Hurricane Andrew

From Academic Kids

This article is about the 1992 hurricane; there was also a Tropical Storm Andrew during the 1986 Atlantic hurricane season.

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Hurricane Andrew was one of the most destructive hurricanes ever to hit the United States of America, raging from August 16 to August 28, 1992. This tropical cyclone affected the north-western Bahamas, then southern Florida in the greater Miami area, doing much damage, crossing the Florida peninsula and the Gulf of Mexico before again making landfall in south-central Louisiana where it caused further damage. It is the costliest natural disaster to ever strike the United States and produced more than 700,000 insurance claims.


Formation and Track

Missing image
Hurricane Andrew at landfall in Florida.

Andrew started modestly as a tropical wave that emerged from the west coast of Africa on August 14. The wave spawned a tropical depression on August 16 which became Tropical Storm Andrew the next day. Further development was slow, as the west-northwestward moving Andrew encountered an unfavorable upper-level trough. Indeed, the storm almost dissipated on August 20 due to vertical wind shear. By August 21, Andrew was midway between Bermuda and Puerto Rico and turning westward into a more favorable environment. Rapid strengthening occurred, with Andrew reaching hurricane strength (sustained winds greater than 73 mph) on the 22nd and Category Four status on the Saffir-Simpson Hurricane Scale on the 23rd. After briefly weakening over the Bahamas, Andrew reached Category Five status as it crossed south Florida on August 24. The hurricane continued westward into the Gulf of Mexico where it gradually turned northward. This motion brought Andrew to the central Louisiana coast on August 26 as a Category Three hurricane. Andrew then turned northeastward, eventually merging with a frontal system over the Mid-Atlantic states on August 28.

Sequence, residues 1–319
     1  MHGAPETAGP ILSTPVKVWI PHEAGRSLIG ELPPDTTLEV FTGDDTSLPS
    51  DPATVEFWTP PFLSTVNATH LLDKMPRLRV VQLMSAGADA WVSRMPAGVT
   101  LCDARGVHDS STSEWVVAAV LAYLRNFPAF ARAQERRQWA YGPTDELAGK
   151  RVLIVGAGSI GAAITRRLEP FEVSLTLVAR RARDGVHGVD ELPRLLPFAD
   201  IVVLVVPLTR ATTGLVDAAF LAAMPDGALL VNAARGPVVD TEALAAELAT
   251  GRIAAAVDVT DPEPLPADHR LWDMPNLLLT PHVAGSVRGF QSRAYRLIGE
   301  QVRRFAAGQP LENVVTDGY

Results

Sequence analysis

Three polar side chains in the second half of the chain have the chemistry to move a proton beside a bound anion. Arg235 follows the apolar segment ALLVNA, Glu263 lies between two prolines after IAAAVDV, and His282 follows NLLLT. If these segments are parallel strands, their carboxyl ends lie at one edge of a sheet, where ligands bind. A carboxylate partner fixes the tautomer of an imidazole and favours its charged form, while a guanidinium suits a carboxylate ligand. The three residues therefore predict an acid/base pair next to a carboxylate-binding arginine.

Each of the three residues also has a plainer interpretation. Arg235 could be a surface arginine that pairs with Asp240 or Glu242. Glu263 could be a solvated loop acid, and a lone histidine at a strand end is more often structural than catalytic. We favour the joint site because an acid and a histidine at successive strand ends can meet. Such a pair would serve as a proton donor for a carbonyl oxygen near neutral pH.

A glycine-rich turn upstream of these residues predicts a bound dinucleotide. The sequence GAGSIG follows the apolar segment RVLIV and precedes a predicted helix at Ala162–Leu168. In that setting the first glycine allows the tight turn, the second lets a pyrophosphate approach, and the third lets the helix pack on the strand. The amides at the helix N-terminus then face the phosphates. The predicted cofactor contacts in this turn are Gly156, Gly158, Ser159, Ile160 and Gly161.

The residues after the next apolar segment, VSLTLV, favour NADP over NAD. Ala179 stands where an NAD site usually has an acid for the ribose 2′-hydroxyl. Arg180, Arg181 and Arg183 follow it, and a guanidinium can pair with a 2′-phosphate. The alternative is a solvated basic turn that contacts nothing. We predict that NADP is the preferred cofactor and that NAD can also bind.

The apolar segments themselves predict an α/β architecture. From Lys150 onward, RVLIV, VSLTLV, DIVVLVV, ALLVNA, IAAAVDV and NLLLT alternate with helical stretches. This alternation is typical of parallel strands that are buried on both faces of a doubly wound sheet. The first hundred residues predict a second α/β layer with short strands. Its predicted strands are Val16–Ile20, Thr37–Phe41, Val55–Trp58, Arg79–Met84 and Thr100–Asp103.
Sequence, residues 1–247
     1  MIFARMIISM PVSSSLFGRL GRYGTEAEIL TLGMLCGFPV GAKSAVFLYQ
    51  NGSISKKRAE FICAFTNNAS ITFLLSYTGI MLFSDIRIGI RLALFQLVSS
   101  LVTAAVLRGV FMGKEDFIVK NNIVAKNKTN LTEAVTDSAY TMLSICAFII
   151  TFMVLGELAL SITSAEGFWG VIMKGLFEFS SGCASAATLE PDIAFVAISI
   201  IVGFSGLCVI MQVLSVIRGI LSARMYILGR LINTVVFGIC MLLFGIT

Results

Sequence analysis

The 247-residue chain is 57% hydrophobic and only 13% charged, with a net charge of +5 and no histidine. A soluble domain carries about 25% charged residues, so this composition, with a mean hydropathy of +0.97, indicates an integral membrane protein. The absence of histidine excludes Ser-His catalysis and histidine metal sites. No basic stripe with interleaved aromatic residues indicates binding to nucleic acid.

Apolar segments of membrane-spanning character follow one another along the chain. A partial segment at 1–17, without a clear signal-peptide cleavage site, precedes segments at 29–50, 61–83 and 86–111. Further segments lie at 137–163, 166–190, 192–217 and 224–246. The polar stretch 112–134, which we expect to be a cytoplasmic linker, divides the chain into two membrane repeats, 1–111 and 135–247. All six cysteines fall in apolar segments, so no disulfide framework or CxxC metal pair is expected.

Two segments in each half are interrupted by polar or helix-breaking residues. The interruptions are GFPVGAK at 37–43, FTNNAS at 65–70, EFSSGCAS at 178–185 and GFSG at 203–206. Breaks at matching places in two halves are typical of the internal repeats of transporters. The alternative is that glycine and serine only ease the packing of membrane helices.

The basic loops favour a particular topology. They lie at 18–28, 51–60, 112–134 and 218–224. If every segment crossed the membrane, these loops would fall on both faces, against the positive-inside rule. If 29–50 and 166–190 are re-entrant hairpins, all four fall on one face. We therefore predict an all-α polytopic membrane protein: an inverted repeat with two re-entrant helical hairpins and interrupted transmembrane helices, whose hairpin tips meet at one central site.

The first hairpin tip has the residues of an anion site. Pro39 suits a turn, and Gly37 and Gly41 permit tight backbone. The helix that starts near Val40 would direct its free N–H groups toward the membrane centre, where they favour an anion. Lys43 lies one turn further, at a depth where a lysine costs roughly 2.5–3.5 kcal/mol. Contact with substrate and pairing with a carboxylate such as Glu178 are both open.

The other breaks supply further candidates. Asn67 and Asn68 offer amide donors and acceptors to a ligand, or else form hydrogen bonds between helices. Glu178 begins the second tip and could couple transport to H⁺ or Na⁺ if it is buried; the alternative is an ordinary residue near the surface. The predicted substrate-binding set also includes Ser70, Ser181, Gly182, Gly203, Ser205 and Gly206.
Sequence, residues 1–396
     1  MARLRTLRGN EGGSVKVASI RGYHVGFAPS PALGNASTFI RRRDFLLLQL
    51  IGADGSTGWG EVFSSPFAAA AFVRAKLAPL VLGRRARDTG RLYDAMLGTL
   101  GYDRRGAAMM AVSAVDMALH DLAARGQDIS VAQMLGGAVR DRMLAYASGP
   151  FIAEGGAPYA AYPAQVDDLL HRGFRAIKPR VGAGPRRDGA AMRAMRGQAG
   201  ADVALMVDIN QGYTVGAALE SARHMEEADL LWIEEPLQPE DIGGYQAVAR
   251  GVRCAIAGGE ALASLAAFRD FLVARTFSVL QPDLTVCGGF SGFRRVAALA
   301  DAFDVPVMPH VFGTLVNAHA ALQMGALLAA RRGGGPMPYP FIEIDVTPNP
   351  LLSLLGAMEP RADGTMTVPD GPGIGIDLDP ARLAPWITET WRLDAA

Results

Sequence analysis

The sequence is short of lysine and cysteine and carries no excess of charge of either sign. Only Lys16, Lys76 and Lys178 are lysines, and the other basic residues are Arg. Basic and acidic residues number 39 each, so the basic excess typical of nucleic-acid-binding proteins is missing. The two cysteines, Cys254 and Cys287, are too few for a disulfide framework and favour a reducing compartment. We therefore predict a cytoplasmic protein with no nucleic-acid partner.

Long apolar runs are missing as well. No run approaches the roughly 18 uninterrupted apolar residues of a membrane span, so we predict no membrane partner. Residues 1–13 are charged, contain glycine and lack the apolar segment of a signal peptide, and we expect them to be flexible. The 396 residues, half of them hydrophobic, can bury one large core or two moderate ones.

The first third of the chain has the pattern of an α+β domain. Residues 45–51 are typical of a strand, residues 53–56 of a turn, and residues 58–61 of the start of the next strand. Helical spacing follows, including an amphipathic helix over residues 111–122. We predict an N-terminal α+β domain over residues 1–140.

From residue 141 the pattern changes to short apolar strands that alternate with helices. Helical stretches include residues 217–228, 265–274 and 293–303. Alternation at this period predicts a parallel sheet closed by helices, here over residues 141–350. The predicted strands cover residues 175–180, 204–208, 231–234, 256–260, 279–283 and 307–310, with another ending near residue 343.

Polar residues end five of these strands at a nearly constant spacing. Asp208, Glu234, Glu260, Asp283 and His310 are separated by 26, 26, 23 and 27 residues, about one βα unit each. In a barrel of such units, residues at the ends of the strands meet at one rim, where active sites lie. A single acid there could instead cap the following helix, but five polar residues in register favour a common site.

Reports from private barometers helped establish that Andrew's central pressure at landfall in Homestead, Florida was 27.23 inches (92.21 kPa), which makes it the third most intense hurricane on record to hit the United States. Andrew's peak winds in south Florida were not directly measured due to destruction of the measuring instruments. An automated station at Fowey Rocks reported 142 mi/h (228 km/h) sustained winds with gusts to 200 mph (272 km/h) (measured 144 ft (43.9 m) above the ground), and higher values may have occurred after the station was damaged and stopped reporting. The National Hurricane Center had a peak gust of 164 mph (272 km/h) (measured 130 ft (39.6 m) above the ground), while a 177 mph (285 km/h) gust was measured at a private home. In 2002, as part of an ongoing review of historical hurricane records, National Hurricane Center experts concluded that Andrew briefly had sustained winds of 165 mph (265 km/h) at landfall (Andrew had originally been classified as a Category Four storm at landfall). Additionally, Berwick, Louisiana, reported 96 mph (154 km/h) sustained winds with gusts to 120 mph (193 km/h).


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The aftermath of Hurricane Andrew in Florida.

As with all high intensity storms (categories four and five), the worst damage is thought to have occurred, not from straight line winds but from vortexes or embedded tornadoes. There were thousands of these vortexes in Andrew; many of them could be traced for several miles, as they usually destroyed every building in their paths.

Andrew produced a 17 ft (5.2 m) storm surge near the landfall point in Florida, while storm tides of at least eight ft (2.4 m) inundated portions of the Louisiana coast. Andrew also produced a killer tornado in southeastern Louisiana.

Andrew was responsible for 23 deaths in the United States and three more in the Bahamas. (Illegal aliens in the U.S. are not included in the official count.) The hurricane caused $26.5 billion in damage in the United States, of which $1 billion occurred in Louisiana and the rest in south Florida. The vast majority of the damage in Florida was due to the winds. Damage in the Bahamas was estimated at $250 million.


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